Harare has one substantive director

Top Stories Zimbabwe

Munashe Mukahlera

Zimbabwe’s capital, Harare is operating with just one substantive departmental director, a development observers say is affecting service delivery.

Six other departments in the local authority are being headed by acting directors. Only the Health Services Director Dr Prosper Chonzi, is substantive. Other directors have pending corruption cases before the courts.

Local government expert and lecturer at the Midlands State University Vincent Chakunda, said this has implications for decision making.

“The major issue that arises from this kind of an arrangement is that the level of commitment of these acting heads of department to their posts is questionable. At the same time, they also cannot make substantive policy decisions because they are in an acting position.

“I think it is one issue that really needs to be addressed as a matter of urgency so that we have people that are substantive heads of departments and people committed to their duties and can make substantive decisions,” he said.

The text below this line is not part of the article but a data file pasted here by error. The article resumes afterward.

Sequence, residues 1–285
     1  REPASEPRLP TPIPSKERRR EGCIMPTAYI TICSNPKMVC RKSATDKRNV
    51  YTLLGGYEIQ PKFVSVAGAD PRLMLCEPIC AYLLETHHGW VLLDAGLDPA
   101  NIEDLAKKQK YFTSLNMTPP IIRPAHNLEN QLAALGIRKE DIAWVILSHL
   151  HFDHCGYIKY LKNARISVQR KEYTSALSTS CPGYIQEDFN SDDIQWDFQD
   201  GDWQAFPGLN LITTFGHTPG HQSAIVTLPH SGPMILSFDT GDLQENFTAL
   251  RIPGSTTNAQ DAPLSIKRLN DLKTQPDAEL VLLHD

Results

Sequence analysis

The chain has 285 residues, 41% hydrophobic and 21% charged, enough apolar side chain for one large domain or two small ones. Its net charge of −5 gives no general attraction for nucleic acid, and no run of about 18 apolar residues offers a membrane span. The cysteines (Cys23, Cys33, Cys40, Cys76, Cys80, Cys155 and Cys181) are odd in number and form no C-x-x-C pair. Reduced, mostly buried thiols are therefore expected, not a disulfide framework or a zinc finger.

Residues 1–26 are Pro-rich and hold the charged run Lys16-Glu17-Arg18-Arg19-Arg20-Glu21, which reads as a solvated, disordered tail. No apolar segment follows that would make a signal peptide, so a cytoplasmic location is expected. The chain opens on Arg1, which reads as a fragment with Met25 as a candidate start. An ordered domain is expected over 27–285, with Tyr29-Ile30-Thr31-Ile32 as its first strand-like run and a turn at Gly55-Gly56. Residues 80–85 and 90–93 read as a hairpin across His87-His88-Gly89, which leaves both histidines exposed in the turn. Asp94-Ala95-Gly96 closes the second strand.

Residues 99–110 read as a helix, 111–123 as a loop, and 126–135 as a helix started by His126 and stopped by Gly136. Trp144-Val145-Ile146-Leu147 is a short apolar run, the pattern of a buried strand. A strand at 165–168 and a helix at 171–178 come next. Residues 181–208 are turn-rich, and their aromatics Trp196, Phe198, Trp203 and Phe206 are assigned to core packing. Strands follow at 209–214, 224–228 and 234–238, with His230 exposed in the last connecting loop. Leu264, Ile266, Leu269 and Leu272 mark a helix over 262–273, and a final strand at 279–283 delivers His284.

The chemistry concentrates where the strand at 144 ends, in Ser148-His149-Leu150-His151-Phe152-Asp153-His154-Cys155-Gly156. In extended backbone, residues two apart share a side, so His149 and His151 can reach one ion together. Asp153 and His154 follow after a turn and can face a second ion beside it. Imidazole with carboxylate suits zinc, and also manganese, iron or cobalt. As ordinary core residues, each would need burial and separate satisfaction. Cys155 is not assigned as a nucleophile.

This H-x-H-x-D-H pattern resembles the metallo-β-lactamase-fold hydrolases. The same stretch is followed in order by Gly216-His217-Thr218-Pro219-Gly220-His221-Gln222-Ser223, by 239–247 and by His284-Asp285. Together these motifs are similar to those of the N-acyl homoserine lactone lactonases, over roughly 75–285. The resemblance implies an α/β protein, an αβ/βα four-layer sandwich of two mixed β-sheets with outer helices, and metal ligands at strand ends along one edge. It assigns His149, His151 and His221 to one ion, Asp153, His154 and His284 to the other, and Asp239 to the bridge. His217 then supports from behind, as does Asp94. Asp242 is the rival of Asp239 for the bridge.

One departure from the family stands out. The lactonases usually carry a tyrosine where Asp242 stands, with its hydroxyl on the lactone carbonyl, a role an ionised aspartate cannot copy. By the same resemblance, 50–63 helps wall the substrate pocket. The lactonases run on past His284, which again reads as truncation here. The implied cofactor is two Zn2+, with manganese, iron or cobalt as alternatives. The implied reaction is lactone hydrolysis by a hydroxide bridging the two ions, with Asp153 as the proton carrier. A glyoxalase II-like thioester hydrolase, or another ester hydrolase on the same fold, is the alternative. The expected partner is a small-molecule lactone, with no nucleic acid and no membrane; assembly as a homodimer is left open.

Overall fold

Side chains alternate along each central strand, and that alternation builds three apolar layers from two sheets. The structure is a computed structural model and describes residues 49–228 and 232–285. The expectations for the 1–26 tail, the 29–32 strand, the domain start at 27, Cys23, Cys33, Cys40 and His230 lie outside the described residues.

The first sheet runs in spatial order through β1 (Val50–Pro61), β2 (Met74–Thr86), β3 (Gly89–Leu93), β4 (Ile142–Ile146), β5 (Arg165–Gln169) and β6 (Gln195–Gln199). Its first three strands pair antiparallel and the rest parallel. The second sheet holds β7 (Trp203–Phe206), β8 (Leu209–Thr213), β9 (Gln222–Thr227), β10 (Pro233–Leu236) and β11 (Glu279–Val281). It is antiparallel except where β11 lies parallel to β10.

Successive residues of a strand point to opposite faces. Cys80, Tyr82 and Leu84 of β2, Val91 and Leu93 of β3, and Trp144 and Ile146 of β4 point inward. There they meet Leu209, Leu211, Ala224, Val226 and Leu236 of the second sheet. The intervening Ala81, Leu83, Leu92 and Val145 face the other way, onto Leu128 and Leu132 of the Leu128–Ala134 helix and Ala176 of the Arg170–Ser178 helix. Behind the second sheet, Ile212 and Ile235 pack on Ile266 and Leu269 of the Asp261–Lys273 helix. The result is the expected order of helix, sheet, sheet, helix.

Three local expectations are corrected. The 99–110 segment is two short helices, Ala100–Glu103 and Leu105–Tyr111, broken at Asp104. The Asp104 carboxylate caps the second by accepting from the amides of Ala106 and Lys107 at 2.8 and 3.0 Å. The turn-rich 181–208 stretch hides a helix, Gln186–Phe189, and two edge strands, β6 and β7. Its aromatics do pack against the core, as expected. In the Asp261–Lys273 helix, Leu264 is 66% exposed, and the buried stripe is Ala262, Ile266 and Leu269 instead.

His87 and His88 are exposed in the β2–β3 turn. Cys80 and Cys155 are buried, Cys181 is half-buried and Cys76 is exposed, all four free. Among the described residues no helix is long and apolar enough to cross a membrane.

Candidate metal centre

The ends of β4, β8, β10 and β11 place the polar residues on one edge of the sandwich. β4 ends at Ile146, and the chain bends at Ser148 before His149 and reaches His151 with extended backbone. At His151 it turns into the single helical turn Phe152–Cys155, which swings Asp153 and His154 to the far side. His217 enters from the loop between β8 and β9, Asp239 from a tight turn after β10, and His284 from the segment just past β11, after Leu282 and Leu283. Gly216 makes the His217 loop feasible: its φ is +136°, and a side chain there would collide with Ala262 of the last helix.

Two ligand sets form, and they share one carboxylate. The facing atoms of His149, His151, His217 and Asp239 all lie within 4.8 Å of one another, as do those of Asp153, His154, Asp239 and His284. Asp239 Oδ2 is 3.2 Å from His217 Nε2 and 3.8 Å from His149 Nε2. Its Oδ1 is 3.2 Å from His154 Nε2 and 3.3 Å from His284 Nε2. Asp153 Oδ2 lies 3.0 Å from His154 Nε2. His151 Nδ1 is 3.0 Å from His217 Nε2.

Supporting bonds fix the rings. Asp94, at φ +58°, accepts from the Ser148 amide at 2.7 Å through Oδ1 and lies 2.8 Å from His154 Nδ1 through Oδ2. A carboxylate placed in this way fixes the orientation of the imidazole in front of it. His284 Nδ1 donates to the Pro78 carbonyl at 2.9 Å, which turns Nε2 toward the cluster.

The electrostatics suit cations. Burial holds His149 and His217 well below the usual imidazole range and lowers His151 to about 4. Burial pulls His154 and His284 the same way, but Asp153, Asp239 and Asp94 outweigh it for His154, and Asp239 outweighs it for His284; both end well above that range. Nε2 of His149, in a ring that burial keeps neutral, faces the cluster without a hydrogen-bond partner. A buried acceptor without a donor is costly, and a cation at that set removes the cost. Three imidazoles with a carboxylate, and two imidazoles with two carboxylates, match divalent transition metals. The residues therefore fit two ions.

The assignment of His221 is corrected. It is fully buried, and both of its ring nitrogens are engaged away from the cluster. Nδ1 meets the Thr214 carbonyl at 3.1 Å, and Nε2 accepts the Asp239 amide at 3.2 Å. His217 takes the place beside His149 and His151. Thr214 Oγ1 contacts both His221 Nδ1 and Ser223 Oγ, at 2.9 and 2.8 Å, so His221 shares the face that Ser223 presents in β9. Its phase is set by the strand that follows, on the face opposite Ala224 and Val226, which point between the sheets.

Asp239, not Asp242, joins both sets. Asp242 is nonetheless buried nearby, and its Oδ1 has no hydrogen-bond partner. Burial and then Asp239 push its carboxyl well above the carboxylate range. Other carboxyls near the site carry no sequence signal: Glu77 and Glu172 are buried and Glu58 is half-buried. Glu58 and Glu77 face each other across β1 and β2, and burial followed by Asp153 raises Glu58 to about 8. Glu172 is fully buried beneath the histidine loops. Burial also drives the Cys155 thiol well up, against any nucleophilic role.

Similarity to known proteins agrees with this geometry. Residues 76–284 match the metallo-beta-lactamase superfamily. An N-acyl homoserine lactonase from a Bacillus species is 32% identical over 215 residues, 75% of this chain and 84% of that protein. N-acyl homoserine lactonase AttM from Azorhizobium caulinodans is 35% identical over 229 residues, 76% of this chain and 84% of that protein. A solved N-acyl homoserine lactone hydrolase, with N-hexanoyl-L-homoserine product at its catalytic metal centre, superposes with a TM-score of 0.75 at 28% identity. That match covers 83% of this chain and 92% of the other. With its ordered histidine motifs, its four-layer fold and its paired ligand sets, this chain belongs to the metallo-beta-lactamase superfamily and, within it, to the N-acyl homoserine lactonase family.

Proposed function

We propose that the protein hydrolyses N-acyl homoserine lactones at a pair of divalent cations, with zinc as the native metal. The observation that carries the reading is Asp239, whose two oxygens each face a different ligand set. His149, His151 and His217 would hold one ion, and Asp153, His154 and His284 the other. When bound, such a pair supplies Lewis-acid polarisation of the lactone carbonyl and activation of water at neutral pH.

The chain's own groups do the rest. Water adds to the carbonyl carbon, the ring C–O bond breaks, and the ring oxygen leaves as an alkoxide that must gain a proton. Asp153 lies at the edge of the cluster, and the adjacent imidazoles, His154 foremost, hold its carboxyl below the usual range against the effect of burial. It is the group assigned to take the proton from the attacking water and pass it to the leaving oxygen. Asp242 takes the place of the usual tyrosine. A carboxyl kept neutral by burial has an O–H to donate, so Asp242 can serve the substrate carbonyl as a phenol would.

Harare Provincial Development Coordinator, Tafadzwa Muguti, said the local authority could not appoint new substantive officials until pending H.R. investigations on misconduct and court cases have been completed.

Mr Muguti said the acting heads are providing stability at the local authority.

“We cannot appoint sustainable posts or permanent people until we rectify or conclude all the other H.R. matters so hearings have started. There are two sides of this. There are the administrative issues where it is basically labour laws, where we need to find out if there was a misconduct in the City Council code of conduct and if so the people are going to be dismissed, suspended or charged.
There is also the criminal element which is happening within the courts right now and we have to let that be finalized,” he said.

Harare has been experiencing a number of challenges in terms of service provision, particularly clean water, refuse collection and state of roads.

Some residential areas have gone for over 10 years without water supply, while others have to contend with growing heaps of uncollected garbage.